Maurice Ravel: Pavane pour une infante défunte, (Maurice Ravel, piano) Ravel struggled mightily to win the “Prix de Rome,” the most prestigious artistic scholarship in France. The fortunate recipients, selected via a demanding process of elimination, would spend up to 24 months—all expenses paid—at the Mancini Palace in Rome. Submitting a variety of choral works and cantatas, Ravel unsuccessfully tried to win this coveted annual award for five consecutive years. His final rejection in 1905—resulting in a scandal that uncovered a conspiracy of blatant favoritism—led to a complete overhaul of the administrative process. More importantly, however, it publicly validated Ravel’s artistic style and direction and served to spark a brilliant musical career. Winnaretta had always been a staunch believer in Ravel’s music, and a whole slew of new Ravel compositions were performed at her salon in 1905 and 1906. Among them the Sonatina for piano, the orientalist song cycle Schéhérazade, the Cinq Mélodies populaires grecques, and the “Alborado del Gracioso” for solo piano, the fourth piece in the composer’s Miroirs.
Maurice Ravel: Miroirs, “Alborado del Gracioso”
Winnaretta’s salon was a vehicle for the channeling of art patronage, based on a negotiated symbiosis between social and artistic elites. Music played at her salons, much of it specifically written to be played there, marked the occasion and the assembled company as culturally elite. “Because of the salon’s central position in the lives of the nobility and upper classes, these society elites were in the position to contribute directly to the development of culture through their activities, beliefs, and opinions by acting as arbiters of taste in etiquette, language, philosophy, literature, the arts, and politics.” Winnaretta’s salon received glowing reports in the contemporary press, with Le Figaro writing, “Her salons, which are among the most sought-out in Paris, where art is cultivated with the greatest zeal and discernment, have many times opened their doors for exquisite diversions; last night’s counted among the most delectable.” In fact, Le Figaro specifically alluded to a January 1909 salon, which featured Debussy’s Fêtes galantes, Les Ingenues, Le Colloque sentimental and Estampes, Fauré’s Le Secret, Liszt’s Jeux d’eau de la ville d’Este and the premiere of Ravel’s “Ondine” from Gaspard de la nuit.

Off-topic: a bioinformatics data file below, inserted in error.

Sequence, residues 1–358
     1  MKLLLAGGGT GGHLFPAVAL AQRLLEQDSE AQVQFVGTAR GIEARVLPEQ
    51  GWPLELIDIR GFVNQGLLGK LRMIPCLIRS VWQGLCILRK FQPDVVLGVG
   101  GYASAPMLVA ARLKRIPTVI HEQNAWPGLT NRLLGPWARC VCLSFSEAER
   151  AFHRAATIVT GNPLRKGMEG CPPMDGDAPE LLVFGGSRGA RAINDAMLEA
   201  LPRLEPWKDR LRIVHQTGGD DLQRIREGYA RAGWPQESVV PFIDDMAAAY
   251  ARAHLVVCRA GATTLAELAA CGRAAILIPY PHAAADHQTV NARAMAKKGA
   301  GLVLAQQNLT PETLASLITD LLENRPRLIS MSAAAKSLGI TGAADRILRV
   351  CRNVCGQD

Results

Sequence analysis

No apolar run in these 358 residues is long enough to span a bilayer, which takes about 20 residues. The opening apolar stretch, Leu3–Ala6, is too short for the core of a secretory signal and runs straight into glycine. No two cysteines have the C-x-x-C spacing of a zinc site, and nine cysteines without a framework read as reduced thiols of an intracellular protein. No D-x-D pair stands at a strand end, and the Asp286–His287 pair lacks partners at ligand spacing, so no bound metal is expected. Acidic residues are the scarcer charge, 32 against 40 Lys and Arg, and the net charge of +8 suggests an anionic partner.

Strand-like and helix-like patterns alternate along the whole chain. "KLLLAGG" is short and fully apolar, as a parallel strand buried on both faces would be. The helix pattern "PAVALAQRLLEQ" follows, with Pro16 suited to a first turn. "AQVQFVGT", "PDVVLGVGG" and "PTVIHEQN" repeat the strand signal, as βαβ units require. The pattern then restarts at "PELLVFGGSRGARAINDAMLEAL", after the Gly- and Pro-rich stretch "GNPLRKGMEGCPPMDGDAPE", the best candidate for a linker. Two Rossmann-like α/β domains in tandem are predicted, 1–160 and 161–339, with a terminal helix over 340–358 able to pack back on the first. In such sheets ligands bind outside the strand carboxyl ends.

Maurice Ravel: Gaspard de la nuit, “Ondine”
Winnaretta’s salon was a place where professional connections and friendships could be made, and where it was possible to be exposed to the most modern trends in music and the other arts. And that is exactly how the collaboration between Ravel and the French writer Colette got started. The result of the collaboration resulted in one of Ravel’s most popular staged works, the fantasy-ballet L’Enfant et les sortileges. It took Colette only 8 days to finish the libretto, but Ravel, interrupted by his military service in the First World War, took the better part of 5 years to finish the music. The premiere took place on 21 March 1925 in Monte Carlo, and Winnaretta recorded in her diary, “it’s exquisite, and the success was very great.” Maurice Ravel famously wrote, “All of life’s pleasure consists of getting a little closer to perfection, and expressing life’s mysterious thrill a little better.” Clearly, Ravel had to thank the Princesse de Polignac to make all this possible!
Maurice Ravel: L’Enfant et les sortileges, excerpt